Individual education, social class, social status and income are all associatedwith mortality, and this is likewise the case for the position of the marital partner. Weinvestigate the combined effect on mortality of own and partner’s positions regarding thesefour factors.
Prospective follow-up of information in the 1990 Census of the Swedish populationaged 30-59 (N=1 502 148). Data on all-cause mortality and deaths from cancer andcirculatory disease for the period 1991-2003 were collected from the Cause of Death Register.Relative mortality risks were estimated by Cox regression.
All-cause mortality of both men and women differs by women’s education and statusand by men’s social class and income. Men’s education has an effect on their own mortalitybut not on their partner’s, when other factors are included in the models. Women’s educationand men’s social class are particularly important for women’s deaths from circulatorydiseases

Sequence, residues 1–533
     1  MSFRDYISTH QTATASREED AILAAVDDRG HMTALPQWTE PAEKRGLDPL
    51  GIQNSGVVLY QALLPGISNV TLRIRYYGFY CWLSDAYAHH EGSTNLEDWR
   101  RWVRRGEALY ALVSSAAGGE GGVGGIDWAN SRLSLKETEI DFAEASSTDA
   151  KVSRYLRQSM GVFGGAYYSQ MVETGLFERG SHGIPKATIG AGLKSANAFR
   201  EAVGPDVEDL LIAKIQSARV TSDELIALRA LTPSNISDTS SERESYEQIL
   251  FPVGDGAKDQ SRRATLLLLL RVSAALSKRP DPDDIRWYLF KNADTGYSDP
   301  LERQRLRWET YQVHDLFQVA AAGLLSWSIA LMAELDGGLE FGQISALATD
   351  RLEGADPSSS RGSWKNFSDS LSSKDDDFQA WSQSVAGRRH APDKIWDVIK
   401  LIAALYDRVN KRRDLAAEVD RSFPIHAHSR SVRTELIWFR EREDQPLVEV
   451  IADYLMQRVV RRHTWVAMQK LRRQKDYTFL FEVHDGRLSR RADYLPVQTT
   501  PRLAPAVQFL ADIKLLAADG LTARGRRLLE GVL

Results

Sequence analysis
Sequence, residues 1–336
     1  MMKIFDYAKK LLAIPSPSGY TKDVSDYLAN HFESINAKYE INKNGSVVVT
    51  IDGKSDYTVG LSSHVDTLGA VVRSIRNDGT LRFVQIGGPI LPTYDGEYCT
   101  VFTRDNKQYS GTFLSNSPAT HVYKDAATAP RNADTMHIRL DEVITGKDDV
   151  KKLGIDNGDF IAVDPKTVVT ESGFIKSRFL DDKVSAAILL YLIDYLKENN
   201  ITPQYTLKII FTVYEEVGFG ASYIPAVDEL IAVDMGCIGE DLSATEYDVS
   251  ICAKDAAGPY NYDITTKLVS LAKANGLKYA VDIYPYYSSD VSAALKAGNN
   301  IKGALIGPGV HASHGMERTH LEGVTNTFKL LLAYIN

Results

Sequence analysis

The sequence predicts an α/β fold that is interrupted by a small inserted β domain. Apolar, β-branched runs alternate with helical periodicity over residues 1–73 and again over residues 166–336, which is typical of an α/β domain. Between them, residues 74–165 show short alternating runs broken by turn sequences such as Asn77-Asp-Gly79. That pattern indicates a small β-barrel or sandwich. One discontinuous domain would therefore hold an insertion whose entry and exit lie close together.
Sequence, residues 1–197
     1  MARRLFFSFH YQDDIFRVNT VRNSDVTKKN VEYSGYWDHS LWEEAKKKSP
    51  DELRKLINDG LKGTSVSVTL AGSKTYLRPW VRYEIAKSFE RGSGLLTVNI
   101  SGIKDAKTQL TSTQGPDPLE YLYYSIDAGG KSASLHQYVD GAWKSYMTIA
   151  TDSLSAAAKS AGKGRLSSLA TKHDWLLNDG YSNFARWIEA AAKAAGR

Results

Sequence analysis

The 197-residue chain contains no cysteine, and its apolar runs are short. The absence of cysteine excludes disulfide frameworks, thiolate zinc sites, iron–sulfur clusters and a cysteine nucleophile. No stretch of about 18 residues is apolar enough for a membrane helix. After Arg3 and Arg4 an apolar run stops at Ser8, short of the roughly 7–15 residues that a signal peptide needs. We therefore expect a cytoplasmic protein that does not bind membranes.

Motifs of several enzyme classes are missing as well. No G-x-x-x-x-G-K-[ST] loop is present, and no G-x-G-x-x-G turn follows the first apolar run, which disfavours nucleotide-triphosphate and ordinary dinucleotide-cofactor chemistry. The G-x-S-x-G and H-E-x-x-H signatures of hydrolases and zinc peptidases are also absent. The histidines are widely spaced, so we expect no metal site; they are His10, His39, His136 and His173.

The partner’s social position has a clear effect on individual mortality, andwomen’s education seems to be particularly important. The results appear above all to supporthypotheses about the importance of lifestyle and economic resources for socio-economicdifferences in mortality.